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Knowing Your Attachment Style Could Be Foundational to Healing Trauma

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Creating a Lifelong Emotional Template

Research has confirmed the widely held belief that the earliest attachments with parents or caregivers shape your abilities and expectations for relationships throughout life. Those earliest relationships impact one’s sense of self and expectations in relationships throughout life.

Already in your earliest infancy, you begin to learn if the essential people in your life, such as parents or other caregivers, are reliable to keep you safe. In these critically formative years, the realization isn’t cognitive but rather is experienced by your nervous system.

You find out early on if you are lovable as you are and thus become imbued with a deep sense of security; or unacceptable as is, and thus relegated to coping with incomprehensible emotional pain.

Secure attachment also teaches your nervous system how to “regulate.” Regulation is essentially how the nervous system handles stress, emotions, and how it manages energy. A healthy nervous system manages energy well. It regulates or manages the incoming stimulation with a release of a corresponding amount of energy.

The Four Attachment Styles

Studying babies and young children has provided some crucial insights for online school psychologists into how people develop various degrees of acceptance, safety, and a sense of security in their emotional attachments.

Researchers have characterized these degrees of attachment as different attachment styles. The names given to these attachment styles are both descriptive as well as indicative of what can be expected in lifelong relationships by their owners.

These are the four attachment styles. Learning how they initially form and how they can be altered promotes both greater self-understanding as well as helpful insights into navigating adult relationships.

  1. Secure – Autonomous
  2. Avoidant – Dismissive
  3. Anxious/Insecure – Preoccupied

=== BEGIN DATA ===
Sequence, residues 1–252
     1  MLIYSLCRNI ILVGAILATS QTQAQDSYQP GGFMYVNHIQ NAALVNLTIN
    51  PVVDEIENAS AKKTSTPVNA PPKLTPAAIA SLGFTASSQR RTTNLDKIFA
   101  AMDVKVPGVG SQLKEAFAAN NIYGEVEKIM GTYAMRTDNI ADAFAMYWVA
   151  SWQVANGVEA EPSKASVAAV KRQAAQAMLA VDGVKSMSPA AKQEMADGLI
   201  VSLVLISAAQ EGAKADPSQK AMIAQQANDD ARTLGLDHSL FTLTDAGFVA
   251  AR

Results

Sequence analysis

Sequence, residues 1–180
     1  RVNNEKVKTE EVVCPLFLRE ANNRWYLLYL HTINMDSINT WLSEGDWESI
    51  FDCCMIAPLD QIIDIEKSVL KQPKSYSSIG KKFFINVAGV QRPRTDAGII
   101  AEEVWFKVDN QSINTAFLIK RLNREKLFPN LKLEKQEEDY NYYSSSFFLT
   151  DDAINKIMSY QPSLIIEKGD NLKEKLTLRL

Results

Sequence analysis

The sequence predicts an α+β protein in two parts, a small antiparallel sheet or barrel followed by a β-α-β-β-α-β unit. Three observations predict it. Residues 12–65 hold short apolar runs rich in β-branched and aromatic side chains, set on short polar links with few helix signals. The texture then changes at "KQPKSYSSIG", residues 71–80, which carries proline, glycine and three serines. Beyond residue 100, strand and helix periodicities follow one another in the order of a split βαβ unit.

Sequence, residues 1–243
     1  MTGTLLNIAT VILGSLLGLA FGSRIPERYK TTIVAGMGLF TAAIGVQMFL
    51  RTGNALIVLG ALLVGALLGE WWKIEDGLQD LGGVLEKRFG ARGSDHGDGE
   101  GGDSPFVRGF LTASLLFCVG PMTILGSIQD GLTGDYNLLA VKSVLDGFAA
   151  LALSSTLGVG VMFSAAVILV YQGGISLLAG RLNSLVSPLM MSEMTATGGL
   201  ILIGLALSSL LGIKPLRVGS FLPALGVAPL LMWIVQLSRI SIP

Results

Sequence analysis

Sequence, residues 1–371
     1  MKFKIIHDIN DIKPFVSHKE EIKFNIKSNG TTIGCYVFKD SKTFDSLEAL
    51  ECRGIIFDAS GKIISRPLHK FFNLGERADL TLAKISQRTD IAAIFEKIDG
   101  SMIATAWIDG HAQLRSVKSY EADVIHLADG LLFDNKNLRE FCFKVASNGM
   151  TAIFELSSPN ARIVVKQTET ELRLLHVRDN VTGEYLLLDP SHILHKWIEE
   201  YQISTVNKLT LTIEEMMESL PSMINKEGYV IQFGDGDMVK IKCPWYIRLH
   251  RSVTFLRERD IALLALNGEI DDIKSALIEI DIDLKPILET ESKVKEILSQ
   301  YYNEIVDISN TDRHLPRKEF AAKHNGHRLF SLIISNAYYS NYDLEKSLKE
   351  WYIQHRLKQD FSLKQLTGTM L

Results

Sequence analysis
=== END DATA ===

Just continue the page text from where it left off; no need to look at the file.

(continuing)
4. Disorganized – Unresolved

Attachment styles help explain how people respond differently when dealing with:

  • Emotional intimacy
  • Conflict
  • Communication and understanding of needs and emotions (your own and others)
  • Expectations in a relationship

The ideal attachment style is a secure attachment between caregiver and child. Studies show that only 60% of adults have a secure attachment style. The other 40% of people fall into the other three attachment styles: avoidant, anxious/insecure, or disorganized.

1. Secure Attachment

No one’s childhood is perfect. If you experienced a secure emotional bond, growing up, that means that your parents or caregivers were consistent enough of the time. Your caregiver’s behavior provided you the feeling of being safe and protected. You felt that they were emotionally present and accepting.

As an adult, you stand a better chance of developing emotional intimacy more easily. You can balance closeness with another with independence, and can communicate effectively and resolve conflicts as they arise. You trust your partner in relationships and feel safe, making yourself vulnerable.

2. Avoidant (Dismissive) Attachment

For some babies and small children, it was necessary to depend on a caregiver who was unaware of their needs or emotionally unavailable. Crying or expressing emotions may have been discouraged.